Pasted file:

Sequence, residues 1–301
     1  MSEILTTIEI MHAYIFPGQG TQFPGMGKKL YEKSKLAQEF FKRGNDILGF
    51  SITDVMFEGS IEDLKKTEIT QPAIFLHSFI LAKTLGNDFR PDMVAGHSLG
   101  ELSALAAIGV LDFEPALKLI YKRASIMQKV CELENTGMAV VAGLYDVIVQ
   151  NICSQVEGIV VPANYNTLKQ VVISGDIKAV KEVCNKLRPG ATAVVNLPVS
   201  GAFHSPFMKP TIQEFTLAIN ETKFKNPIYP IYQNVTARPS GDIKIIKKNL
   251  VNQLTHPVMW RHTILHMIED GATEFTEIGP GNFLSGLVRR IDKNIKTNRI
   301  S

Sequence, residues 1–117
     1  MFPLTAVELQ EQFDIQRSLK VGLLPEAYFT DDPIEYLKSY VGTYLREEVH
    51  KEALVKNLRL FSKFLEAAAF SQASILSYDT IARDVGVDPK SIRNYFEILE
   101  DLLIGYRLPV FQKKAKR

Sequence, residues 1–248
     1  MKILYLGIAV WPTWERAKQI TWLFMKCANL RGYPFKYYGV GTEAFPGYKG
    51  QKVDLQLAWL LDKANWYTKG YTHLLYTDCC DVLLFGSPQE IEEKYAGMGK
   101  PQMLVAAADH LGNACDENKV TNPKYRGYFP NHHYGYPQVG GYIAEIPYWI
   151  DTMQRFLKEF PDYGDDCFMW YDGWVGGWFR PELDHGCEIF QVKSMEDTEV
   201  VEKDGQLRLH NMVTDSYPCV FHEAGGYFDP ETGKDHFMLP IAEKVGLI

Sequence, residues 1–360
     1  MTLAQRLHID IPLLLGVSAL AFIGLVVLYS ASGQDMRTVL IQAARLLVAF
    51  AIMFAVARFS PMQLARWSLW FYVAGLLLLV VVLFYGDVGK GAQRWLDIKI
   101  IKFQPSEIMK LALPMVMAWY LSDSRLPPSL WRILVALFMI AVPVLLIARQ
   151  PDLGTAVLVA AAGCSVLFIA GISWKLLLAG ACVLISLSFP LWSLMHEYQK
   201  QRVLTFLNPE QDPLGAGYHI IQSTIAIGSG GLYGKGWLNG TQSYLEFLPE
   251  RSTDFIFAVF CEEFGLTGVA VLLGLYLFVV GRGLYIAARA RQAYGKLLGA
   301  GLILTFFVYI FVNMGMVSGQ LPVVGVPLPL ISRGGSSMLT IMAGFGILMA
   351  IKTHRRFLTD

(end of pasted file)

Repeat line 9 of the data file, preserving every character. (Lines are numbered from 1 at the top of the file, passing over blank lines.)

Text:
Sequence, residues 1–117